Search and filter

SpaceTree also includes integrated support for search and filterThose additional features complement the browsing strength of SpaceTree.  As users type a string, the location of results is highlighted on the tree.   Then users can navigate the tree, or click on the “prune” button to see a filtered view of the tree showing only the paths to the result matching nodes. 

We also implemented dynamic queries [Shneiderman, 1994] to illustrate how dynamic queries allow the rapid pruning of the tree when attributes are available at the node level.  As users manipulate a slider to limit the value of an attribute, leaves or branches of the tree are dynamically grayed out to show the effect of the query.  (Note that the current version supports rudimentary dynamic queries with only one attribute, but the principle applies to any number of attributes such as income of employees, year in the company, or language spoken, etc. for our organizational chart example).

 

Figure 3: Top level overview. The triangular preview icons summarize the branches that cannot be opened.  When room is available, two or more levels might be opened at once. Darker icons correspond to branches with more nodes. Taller icons (in this top-down layout) icons correspond to deeper branches, and large wider icons correspond to branches with a larger averagehigher average branching factor. 

When room is available on a larger window, two or more levels might be opened.

 

Figure 4: As users change the focus of the layout (i.e. click on a nodeshown darker), more detail is revealed.

the tree is animated to its new position.  The Options can set preview icons can be configured to be colored and scaled of siblings to be relative to the root (for ease of comparison between levels) or to their common ancestor (for ease of local comparison).

Figure 5: The tree is animated to its new layout in tree separate steps: trim, translate and expand (trim and translate is only done when needed).

As new branches are opened, the tree is re-centered – but only if needed to avoid scrolling.

 

Figure 6: Upon each refocusing, At any time the maximum number of levels that fit areis is opened (here 3 levels could fit so they weare opened at once when user selected “sawing drilling manager”).

 

 

Figure 7: The same tree shown in as Figure 6 has been rotated in to a different orientation, then a search for “scientist” was performed and the,  showing in red the location of search results is shown in red.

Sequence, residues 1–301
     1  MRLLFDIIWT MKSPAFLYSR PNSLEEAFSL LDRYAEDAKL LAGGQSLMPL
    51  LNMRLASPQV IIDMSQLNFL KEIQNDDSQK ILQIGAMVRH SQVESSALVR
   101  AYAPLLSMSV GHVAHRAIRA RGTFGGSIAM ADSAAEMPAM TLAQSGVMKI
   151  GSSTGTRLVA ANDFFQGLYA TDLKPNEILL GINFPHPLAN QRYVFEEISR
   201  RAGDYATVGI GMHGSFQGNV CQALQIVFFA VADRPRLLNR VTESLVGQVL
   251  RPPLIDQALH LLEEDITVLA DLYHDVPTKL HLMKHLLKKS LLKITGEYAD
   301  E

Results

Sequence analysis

(here a search for “scientist”

).(not visible in a black and white prints

Figure. 8:  A click on the “Prune” button displays a filtered view of the tree, revealing only the branches that lead to scientists, opened as space permits.

 

 

We also implemented dynamic queries [Shneiderman, 1992] to illustrate how dynamic queries allow the rapid pruning of the tree when attributes are available at the node level.  As users manipulate a slider to limit the value of an attribute, leaves or branches of the tree are dynamically grayed out to show the effect of the query.  (Note that the current version has supports rudimentary dynamic queries with only one attribute, but the principle applies to any number of attributes such as e.g. income of employees, year in the company, or language spoken, etc. for our organizational chart example) .

 

 

SpaceTree was developed in Java using TinyJazz, a new toolkit that is an an optimized subset of Jazz [Bederson et. al., 2000 xxx], and the tree layout is inspired from [Walker 1990] and [Furnas, 81].

Reviewing early versions and emerging design  guidelines



 

The SpaceTree was designed with continuous feedback from our sponsors who had a particular need for hierarchy browsing at the time of the project.  This included , via monthly discussions and exchange of prototypes. Through progressive refinement (about 10 versions were discussed) we learned lessons that we summarize here as guidelines for designers.

 

Semantic zooming is preferred over geometric scaling (i.e. “Make it readable or don’t bother showing the nodes” ).)

 

Our first designs attempted to use fixed progressive scaling down of the nodes – providing a nice overview of the tree (Figure 9) and continuous geometrical zooming to allow users to progressively reveal details of lower levels of the tree.  The result was what we thought to be a smooth fly through ofu the tree (Figure 9 andto 101) but was rejected bluntly by our users who rightly noted that only one level of the tree was even readable at a time (lower levels were “visible” but never readable).  Readability and a good use of the screen space had not been optimized enough.   The conclusion was that instead of continuous scaling, a step approach was needed:  nodes should be either readable or not, and once they are not readable they could be seen as individuals or aggregated in an abstract representation.  This was made possible by the semantic zooming afforded by Jazz.  All scaling is therefore calculated on the fly. Figure 112XX shows an example of multiple alternative representations previews of a tree branches..